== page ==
Sir Raymond Carr is one of the world's leading authorities on the history of Spain. In Spain: A History, he and eight other leading scholarsincluding Sebastian Balfour and Felipe Fernandez-Armestoprovide an authoritative overview of a country that has played a vital role in the history of the Western world.
Here is an up-to-date and engaging tour of Spain through the ages. We read of prehistoric Spain and of the imposition of Roman rule, which created the idea of Hispania as a single entity. There are knowledgeable discussions of the Visigoth monarchy, Moorish Spain, the establishment of an empire, and the eighteenth-century Enlightenment, all of which not only chart the political and economic development of Spain, but also examine the extraordinary artistic and literary achievements of the Spanish people. We read of the rise of liberalism in the nineteenth century, and of its fall, which ushered in a period of political instability culminating in the Civil War and authoritarian rule. The book concludes with a look at modern Spain as a fully integrated and enthusiastic member of the European community.
Attractively illustrated with eight pages of color plates and twenty-four black-and-white plates, Spain: A History is the best historical account of Spain currently available for general readers.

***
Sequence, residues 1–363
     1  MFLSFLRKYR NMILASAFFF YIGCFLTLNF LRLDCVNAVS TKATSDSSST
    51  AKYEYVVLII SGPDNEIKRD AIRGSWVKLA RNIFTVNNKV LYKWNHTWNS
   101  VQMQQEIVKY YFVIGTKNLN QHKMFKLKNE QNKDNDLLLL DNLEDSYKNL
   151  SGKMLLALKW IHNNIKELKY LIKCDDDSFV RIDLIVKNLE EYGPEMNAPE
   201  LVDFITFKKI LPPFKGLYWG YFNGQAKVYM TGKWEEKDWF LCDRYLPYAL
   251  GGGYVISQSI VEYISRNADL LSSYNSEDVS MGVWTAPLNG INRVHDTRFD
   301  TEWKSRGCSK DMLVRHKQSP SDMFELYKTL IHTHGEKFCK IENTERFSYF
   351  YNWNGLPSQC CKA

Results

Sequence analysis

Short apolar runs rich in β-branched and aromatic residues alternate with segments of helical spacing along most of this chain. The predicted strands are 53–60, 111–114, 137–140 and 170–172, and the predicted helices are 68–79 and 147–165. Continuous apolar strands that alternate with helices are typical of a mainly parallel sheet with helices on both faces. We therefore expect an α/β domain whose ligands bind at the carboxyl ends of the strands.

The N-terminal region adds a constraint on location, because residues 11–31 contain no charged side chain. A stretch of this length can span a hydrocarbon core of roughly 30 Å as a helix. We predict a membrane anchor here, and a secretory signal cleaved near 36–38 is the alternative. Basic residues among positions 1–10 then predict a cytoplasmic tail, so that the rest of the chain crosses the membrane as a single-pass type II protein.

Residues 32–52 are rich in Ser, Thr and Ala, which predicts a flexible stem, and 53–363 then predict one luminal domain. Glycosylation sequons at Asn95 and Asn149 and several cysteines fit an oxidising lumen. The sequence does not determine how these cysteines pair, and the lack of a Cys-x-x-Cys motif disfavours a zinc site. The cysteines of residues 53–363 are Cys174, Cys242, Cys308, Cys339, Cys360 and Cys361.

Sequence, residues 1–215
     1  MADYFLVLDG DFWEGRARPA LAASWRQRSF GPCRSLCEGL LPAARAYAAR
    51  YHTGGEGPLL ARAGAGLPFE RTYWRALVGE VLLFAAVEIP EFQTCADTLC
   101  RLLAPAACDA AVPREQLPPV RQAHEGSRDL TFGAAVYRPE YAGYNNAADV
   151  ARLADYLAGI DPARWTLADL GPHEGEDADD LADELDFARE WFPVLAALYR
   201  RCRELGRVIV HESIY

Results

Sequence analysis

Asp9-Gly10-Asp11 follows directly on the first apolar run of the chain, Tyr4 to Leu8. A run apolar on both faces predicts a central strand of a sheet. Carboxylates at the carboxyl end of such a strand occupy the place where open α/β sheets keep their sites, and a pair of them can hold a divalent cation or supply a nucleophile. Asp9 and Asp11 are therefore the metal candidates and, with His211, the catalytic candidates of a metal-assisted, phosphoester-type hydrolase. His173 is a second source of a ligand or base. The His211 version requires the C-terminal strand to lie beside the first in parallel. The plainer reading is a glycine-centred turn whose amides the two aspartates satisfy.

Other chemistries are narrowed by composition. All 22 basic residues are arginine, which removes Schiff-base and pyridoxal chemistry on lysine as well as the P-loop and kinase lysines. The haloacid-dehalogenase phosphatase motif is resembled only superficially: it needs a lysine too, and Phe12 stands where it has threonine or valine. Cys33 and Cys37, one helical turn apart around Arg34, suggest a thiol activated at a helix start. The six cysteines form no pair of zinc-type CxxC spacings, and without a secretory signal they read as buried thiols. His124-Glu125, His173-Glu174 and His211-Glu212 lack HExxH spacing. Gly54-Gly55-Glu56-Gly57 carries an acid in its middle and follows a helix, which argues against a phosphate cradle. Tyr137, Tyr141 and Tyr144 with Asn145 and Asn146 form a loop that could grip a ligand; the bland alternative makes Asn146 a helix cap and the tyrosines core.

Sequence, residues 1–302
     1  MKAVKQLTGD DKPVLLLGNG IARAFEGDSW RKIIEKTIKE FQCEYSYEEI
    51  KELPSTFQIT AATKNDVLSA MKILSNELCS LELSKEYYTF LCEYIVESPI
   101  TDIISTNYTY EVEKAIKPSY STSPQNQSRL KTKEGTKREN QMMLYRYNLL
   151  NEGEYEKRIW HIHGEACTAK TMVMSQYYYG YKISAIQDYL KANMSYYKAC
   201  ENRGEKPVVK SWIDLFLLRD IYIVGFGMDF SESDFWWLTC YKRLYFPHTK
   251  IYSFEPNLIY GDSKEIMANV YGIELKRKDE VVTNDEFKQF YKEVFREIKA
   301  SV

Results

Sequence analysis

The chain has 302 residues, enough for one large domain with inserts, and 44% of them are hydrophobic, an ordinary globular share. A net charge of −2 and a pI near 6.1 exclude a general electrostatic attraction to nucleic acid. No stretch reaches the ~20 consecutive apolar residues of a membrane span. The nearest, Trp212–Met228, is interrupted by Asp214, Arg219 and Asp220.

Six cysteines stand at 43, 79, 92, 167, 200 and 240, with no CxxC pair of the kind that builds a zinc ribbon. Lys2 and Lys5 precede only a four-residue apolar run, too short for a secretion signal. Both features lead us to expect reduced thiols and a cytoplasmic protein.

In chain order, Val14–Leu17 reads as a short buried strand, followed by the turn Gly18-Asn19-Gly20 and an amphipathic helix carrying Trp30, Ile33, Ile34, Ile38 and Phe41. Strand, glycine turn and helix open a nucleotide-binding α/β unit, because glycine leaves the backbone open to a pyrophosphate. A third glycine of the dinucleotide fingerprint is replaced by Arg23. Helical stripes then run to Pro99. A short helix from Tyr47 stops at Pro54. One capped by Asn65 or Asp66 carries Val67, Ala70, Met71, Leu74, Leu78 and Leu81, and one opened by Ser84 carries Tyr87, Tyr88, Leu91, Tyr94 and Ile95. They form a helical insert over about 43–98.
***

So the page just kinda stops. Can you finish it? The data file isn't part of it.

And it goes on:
Potent yet palatable, this history of Spain is remarkably seamless--especially considering that it traces the development of a fractious society and that it is the creation of nine collaborating authors. The work's fluidity is both evidence of editor Carr's diligence and a manifestation of the authors' unity of purpose. Together and individually they dismiss the romantic notion that, to preserve traditional values, Spain has repeatedly resisted social change and intentionally sacrificed its own prosperity. Instead they propose that Spain's unique path toward integration with modern Europe has been the result of the perpetual clash of its diverse inhabitants and conquerors. Far from isolating itself from Europe, they argue, Spain grew in power by exploiting its ties to other European societies. The authors' shared thesis spans the centuries from Roman domination, to the Islamic invasion, to the tyranny of Franco, but their narrative styles and interests are by no means uniform. Carr (a former warden at St. Anthony's College at Oxford and author of Modern Spain, 1875-1980) displays what amounts to contempt for Spanish culture of the mid-19th century; Felipe Fern ndez-Armesto (professor of history, Oxford) combines effervescence with erudition in his discussion of the Spanish Golden Age; Sebastian Balfour (assistant director of Spanish studies, London School of Economics) employs the brevity demanded by the book's structure to heart-wrenching effect in his account of the Spanish Civil War. As era is layered upon era, the events of history become linked not only by a causal relationship, but by a creative one as well: this book suggests that the concept of Spain has evolved through the continuous and repeated reinterpretation of a rich and controversial past. 8 pages color and 70 b&w illus. not seen by PW. (Sept.) Copyright 2000 Cahners Business Information.|